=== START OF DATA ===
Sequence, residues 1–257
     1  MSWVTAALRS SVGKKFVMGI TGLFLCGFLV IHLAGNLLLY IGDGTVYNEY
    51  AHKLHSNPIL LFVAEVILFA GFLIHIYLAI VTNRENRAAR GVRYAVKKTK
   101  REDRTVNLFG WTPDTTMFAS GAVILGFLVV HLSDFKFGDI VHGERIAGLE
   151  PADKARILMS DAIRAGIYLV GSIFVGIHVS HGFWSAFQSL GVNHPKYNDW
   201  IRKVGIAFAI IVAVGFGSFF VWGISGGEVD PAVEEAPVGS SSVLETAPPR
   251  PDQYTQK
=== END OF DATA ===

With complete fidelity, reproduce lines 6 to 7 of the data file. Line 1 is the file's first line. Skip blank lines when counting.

   201  IRKVGIAFAI IVAVGFGSFF VWGISGGEVD PAVEEAPVGS SSVLETAPPR
   251  PDQYTQK